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In this Chapter an overview is developed of aspects of the Proterozoic atmosphere and oceans based as much as possible on geologic evidence, but supplemented by theory, whenever such evidence is indirect, incomplete, or lacking. Much of the theoretical treatment is rather oversimplified and speculative. Several biologically important aspects of the Proterozoic environment are addressed, namely, the partial pressures of oxygen and carbon dioxide in the atmosphere and possible changes in their partial pressures as a function of Precambrian time. Aspects of the chemistry and evolution of the Proterozoic ocean are discussed as well.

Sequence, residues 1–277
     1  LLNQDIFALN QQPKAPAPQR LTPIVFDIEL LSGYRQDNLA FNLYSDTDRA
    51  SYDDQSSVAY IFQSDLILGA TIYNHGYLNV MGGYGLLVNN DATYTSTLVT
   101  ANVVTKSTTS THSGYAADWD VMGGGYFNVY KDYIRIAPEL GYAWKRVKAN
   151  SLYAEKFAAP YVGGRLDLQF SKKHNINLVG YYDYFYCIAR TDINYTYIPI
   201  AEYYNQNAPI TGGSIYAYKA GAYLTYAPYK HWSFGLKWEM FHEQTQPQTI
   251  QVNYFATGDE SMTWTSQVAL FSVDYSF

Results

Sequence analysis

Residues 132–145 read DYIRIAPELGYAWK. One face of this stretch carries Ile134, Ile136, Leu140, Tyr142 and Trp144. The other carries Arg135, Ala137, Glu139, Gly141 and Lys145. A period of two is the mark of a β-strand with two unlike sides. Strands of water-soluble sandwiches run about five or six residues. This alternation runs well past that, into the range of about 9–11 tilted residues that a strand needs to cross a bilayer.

Banded iron-formations (BIFs) are the most abundant chemical sediments found throughout much of Precambrian time. Because they are generally devoid of clastic components, their chemistry, their oxidation state, and their temporal distribution provide important clues about the chemistry and the chemical evolution of the Precambrian ocean and atmosphere. Section 4.2 provides a synopsis of the average major element chemistry of banded iron-formations throughout the Precambrian; all iron-formations older than about 1.9 Ga represent very similar chemical systems. Iron-formations formed between 0.8 and 0.6 Ga are distinctly different and are more highly oxidized. Few iron-formations are younger than about 1.8 Ga; a minor resurgence in BIF deposition occurred between 0.8 and 0.6 Ga. After about 1.85 Ga, the atmosphere and oceans became rather highly oxygenated and the oceans as a whole became depleted in iron.